What Does Evangelical Mean?

July 12, 2016

What does the term “evangelical” mean? That is an important and loaded question in twenty-first century American culture. The most honest answer one can give is that it depends. It depends on whether the inquirer is asking about theology, worship styles, church history, evangelization techniques, denominational identities, sociological categories, or political affiliations. The meaning someone is trying to express by using “evangelical” depends as much or more on context that any inherently accepted common definition of the term. The sheer flexibility of the term is both one secret of its lasting utility and at the same time its greatest weakness.

“Evangelical” holds the dubious distinction of being the descriptive label everyone wants to use for others but many seldom seem to want to claim for themselves. It has a long and complicated history as one of the ways people have identified Christians who maintain a strong commitment to believing and sharing the Christian “gospel” or “good news.” “Gospel” and “good news” are both English translations of the term euangelion taken from the original Koine Greek of the New Testament. It is a word often used in the New Testament to describe both the content of the message of salvation in Christ as well as the means of its transmission.

While there are many Christians around the world who enthusiastically embrace their identity as evangelicals, groups as diverse as mainline Protestants, Reformed Protestants, the Anabaptist movements, some Southern Baptists, and Pentecostal/Charismatic Christians have all expressed discomfort with being identified with evangelicals in the popular media. They argue that elements in their theological tradition, heritage, or worship practices make them distinct from evangelicalism. The complication lies not in any inherent objection to the idea of commitment to the gospel or to sharing the love of Christ, but rather in the vague usage of the term in contemporary society to refer to sometimes very different groups of Christians. To complicate matters for outside observers, most of these Christian traditions have minority groups within them that are comfortable with evangelicalism and even aspire to be identified as more evangelical.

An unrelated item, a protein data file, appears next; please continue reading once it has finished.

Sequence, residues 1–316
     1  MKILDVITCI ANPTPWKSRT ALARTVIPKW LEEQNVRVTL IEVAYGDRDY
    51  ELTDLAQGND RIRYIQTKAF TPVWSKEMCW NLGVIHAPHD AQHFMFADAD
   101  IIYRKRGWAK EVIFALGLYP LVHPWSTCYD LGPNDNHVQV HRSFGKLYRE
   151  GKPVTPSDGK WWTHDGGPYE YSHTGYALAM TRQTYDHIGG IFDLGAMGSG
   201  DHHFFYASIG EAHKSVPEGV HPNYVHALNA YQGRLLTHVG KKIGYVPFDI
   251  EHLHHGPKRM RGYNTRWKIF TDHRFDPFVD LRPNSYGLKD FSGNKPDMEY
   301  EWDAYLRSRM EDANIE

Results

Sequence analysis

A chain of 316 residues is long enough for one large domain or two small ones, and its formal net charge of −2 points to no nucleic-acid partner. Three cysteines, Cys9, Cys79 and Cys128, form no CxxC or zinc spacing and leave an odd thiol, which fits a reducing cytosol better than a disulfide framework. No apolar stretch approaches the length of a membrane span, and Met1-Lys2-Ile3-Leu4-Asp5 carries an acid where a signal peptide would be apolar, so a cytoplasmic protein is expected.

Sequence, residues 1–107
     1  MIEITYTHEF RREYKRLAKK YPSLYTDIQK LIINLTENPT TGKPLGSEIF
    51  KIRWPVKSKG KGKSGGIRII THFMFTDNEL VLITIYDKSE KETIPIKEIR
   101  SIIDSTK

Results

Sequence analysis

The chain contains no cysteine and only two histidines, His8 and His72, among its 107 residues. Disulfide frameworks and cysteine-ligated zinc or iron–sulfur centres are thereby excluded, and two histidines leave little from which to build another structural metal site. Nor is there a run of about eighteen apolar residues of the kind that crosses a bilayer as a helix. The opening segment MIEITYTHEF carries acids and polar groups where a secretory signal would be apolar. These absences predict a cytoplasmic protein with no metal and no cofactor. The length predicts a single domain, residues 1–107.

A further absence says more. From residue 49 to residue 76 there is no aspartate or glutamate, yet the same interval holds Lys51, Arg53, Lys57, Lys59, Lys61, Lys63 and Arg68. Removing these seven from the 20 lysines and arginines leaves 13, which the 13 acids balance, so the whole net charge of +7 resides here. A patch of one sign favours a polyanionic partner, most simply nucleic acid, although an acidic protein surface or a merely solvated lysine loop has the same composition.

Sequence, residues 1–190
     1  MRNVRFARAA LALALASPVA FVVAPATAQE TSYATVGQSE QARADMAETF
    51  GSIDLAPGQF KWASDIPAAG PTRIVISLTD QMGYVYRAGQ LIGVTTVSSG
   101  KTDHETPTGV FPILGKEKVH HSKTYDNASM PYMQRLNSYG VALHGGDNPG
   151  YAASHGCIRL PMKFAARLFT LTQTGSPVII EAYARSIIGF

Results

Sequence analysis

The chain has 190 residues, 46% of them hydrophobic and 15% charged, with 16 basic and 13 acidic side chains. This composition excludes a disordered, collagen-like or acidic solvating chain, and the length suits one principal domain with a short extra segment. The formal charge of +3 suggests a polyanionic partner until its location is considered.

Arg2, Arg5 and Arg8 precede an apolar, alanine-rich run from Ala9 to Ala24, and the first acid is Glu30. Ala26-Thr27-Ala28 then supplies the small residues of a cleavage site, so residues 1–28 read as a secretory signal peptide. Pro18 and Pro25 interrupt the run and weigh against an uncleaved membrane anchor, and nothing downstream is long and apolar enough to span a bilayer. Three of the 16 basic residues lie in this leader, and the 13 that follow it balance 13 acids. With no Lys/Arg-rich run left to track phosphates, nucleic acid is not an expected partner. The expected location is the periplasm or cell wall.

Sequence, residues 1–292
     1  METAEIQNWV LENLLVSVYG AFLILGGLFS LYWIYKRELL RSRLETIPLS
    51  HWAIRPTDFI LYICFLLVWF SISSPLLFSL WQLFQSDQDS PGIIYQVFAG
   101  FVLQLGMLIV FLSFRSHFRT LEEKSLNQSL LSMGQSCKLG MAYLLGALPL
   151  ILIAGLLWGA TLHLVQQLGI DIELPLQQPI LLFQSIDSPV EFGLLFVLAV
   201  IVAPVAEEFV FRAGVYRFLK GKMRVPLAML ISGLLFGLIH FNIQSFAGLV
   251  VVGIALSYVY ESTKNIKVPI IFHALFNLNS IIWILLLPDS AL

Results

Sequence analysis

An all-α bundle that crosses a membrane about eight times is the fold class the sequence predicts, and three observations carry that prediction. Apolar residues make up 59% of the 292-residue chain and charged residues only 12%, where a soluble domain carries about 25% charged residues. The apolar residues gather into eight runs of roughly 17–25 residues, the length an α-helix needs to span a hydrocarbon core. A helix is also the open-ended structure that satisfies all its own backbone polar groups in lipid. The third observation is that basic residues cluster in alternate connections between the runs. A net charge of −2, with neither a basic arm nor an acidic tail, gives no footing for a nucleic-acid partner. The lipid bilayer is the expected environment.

The early followers of Martin Luther were called “evangelicals” before the term “Protestant,” coined after the Diet of Speyer in 1529, became the general term for the new movements separating from the Roman Catholic Church in the sixteenth century. Labeling Luther’s followers evangelicals was a way to indicate the centrality of God’s grace and the basic theological principle of “justification by faith” in Protestant doctrine. The term was used here to indicate a common set of theological commitments that the diverse Lutheran, Reformed, and Anabaptists traditions generally held in common. During the eighteenth and nineteenth centuries, revivalist movements that sparked the First and Second Great Awakenings led to the use of the term “evangelical” to specifically identity supporters of revivalism who placed strong emphasis on the necessity of a conversion experience for salvation. These revivalist leaders tended to emphasize the importance of personal faith, pietistic devotion, and the work of the Holy Spirit in conversion. The term at this point came to identify not just basic emphasis on belief in Christ for salvation, but also a particular set of assumptions about how conversion occurs and what techniques should be used to promote it.